Remdesivir is a nucleotide analogue ‘antiviral’ prodrug. It inhibits viral RNA polymerases, thereby stopping continual viral replication in infected individuals. Recent studies have shown that remdesivir possess in vitro antiviral activity against SARS-CoV-2, the causative agent of the dreaded COVID-19 pandemic that is currently ravaging the economy of the entire world.
Remdesivir which can also called GS-5734 compound, is an adenosine triphosphate analog that was first described in the medical literature in 2016 as a potential treatment for Ebola and Marburg virus disease. But In 2017, the antiviral activity of remdesivir against viruses in the Coronaviridae (coronavirus) family was also demonstrated. Currently, remdesivir is being researched as a potential treatment to SARS-CoV-2. SARS-CoV-2 is the coronavirus strain that is responsible for COVID-19.
Remdesivir is a broad-spectrum antiviral medication developed by the biopharmaceutical company Gilead Sciences. As of 2020, remdesivir is being tested as a specific treatment for COVID-19, and has been issued an Emergency Use Authorization (EUA) in the U.S. for those hospitalized with severe (COVID-19) disease.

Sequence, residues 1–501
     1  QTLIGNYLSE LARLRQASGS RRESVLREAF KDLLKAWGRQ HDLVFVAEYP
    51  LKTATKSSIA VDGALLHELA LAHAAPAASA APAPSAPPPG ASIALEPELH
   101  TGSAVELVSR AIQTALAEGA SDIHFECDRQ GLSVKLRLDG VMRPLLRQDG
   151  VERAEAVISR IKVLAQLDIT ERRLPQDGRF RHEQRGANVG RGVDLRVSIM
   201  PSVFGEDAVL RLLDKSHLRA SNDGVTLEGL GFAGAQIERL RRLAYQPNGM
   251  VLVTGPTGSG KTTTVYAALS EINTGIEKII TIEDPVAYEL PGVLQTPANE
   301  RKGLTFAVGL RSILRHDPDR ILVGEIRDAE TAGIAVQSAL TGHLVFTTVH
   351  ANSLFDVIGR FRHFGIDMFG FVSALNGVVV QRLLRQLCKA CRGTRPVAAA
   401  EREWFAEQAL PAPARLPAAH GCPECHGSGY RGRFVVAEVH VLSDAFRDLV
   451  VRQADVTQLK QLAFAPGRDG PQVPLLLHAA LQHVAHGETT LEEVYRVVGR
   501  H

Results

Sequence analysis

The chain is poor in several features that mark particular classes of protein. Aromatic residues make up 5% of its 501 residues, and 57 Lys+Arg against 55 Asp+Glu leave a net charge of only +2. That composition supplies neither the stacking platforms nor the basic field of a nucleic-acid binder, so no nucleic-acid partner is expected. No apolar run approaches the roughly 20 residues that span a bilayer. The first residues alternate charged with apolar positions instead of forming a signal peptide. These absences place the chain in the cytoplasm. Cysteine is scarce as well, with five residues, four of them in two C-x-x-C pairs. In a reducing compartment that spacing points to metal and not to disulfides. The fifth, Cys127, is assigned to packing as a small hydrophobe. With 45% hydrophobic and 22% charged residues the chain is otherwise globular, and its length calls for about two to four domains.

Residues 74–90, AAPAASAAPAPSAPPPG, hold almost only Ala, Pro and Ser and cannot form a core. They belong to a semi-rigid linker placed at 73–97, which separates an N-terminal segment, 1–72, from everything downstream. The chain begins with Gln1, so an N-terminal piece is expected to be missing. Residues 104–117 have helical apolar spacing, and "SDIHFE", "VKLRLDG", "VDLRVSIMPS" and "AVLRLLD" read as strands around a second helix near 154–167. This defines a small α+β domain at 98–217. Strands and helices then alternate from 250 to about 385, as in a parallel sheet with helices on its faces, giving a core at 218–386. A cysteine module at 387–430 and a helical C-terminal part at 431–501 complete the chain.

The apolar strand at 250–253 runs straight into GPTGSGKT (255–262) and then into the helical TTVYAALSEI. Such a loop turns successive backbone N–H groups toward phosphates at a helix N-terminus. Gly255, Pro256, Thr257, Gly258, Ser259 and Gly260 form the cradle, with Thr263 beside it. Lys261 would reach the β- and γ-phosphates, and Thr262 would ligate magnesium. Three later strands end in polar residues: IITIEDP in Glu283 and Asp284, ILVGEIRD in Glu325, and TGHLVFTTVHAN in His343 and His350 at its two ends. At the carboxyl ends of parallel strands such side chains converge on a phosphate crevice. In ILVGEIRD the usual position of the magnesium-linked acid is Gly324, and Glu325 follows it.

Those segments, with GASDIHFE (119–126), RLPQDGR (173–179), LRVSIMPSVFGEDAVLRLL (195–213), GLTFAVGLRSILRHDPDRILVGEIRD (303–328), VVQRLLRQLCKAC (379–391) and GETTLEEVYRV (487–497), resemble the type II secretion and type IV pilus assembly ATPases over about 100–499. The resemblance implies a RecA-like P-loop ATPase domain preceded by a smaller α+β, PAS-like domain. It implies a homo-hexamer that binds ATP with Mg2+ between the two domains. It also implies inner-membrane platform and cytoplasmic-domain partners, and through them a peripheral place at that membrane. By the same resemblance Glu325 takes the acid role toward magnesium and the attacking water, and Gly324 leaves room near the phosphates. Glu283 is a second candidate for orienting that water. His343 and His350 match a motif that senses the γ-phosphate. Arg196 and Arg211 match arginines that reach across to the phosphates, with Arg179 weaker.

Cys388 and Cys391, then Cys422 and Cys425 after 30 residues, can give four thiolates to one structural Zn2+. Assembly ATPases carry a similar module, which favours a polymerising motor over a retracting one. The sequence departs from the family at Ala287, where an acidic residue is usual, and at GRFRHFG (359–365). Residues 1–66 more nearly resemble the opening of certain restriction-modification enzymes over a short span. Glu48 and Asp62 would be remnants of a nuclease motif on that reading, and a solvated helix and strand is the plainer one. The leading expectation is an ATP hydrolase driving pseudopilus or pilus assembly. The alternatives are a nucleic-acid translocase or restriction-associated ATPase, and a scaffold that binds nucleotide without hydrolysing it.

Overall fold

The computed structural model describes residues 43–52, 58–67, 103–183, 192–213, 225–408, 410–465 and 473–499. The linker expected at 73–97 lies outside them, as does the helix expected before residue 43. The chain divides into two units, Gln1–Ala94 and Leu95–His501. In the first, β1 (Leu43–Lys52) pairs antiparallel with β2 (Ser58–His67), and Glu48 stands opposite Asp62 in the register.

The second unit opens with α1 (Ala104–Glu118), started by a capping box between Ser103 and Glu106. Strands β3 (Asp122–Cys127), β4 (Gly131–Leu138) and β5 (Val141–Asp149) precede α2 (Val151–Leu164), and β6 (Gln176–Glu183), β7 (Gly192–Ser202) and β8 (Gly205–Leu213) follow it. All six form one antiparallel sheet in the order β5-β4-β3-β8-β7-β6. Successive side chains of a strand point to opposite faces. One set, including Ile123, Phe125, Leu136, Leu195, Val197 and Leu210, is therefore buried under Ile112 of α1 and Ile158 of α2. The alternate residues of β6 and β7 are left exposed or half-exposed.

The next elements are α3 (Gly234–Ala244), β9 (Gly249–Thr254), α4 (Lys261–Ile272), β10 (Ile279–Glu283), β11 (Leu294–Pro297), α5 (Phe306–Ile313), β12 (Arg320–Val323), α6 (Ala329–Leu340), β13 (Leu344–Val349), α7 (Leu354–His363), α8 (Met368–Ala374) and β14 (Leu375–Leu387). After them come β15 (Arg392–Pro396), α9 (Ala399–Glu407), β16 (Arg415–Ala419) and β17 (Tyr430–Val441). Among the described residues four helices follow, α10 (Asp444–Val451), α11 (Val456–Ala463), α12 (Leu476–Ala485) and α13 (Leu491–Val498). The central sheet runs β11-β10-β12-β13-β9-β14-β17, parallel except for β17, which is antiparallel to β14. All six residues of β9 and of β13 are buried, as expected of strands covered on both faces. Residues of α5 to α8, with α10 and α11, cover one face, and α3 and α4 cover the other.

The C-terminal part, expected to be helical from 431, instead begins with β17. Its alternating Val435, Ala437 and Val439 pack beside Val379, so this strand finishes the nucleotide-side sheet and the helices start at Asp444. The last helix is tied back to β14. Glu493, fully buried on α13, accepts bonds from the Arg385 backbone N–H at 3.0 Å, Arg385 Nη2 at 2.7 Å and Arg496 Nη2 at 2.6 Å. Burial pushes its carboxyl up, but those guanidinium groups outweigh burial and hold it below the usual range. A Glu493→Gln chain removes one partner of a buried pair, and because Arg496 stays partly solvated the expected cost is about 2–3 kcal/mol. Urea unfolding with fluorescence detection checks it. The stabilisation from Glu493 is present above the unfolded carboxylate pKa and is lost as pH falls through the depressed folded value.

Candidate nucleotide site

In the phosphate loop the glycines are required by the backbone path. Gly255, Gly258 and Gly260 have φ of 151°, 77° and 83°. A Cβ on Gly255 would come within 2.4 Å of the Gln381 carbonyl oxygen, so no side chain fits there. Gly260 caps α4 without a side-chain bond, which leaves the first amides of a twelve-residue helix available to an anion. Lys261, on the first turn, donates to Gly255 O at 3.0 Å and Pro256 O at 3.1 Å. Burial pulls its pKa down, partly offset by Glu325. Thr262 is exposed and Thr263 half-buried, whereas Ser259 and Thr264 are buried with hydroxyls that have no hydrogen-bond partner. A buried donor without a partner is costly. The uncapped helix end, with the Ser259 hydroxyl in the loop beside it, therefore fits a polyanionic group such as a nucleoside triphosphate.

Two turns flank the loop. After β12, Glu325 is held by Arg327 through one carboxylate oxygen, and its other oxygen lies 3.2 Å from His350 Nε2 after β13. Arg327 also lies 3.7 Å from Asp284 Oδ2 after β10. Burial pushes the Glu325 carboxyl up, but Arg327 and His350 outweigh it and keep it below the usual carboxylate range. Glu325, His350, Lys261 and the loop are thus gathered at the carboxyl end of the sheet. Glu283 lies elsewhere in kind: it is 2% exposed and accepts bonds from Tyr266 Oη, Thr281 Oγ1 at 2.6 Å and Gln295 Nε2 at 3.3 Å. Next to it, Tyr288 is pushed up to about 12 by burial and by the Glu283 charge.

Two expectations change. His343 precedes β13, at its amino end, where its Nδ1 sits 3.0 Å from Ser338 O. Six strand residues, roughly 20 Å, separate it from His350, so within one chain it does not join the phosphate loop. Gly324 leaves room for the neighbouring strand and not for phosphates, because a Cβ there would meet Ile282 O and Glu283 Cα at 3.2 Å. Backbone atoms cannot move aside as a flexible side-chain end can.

As aforementioned, remdesivir was originally created as a general antiviral and was later tested in Ebola patients, though it did not perform well in a landmark trial.
Fig 1. Chemical structure of GS-5734 compound (remdesivir)
Molecular formular of GS-5734: C27H35N6O8P
IUPAC name OF GS-5734 compound:
Remdesivir is intracellularly metabolized to an analogue of adenosine triphosphate that inhibits viral RNA polymerases. Remdesivir has broad-spectrum activity against members of several virus families, including filoviruses (e.g., Ebola) and coronaviruses (e.g., SARS-CoV and Middle East respiratory syndrome coronavirus [MERS-CoV]). In terms of its antiviral efficacy, remdesivir has shown prophylactic and therapeutic efficacy in nonclinical models of these coronaviruses.
SIDE EFFECTS OF REMDESIVIR
Since all drugs are potential poisons and rarely without some untoward effects on the end users including humans, remdesivir have some side effects. The most common adverse effects in studies of remdesivir for COVID‑19 include respiratory failure and blood biomarkers of organ impairment, including low albumin, low potassium, low count of red blood cells, low count of platelets that help with clotting, and yellow discoloration of the skin. Other reported side effects include gastrointestinal distress, elevated transaminase levels in the blood (liver enzymes), and infusion site reactions. Other possible side effects of remdesivir include:
- Infusion‐related reactions: Signs and symptoms of infusion‐related reactions may include: low blood pressure, nausea, vomiting, sweating, and shivering.
- Increases in levels of liver enzymes, seen in abnormal liver blood tests: Increases in levels of liver enzymes have been seen in people who have received remdesivir, which may be a sign of inflammation or damage to cells in the liver.
MECHANISM OF ACTION OF REMDESIVIR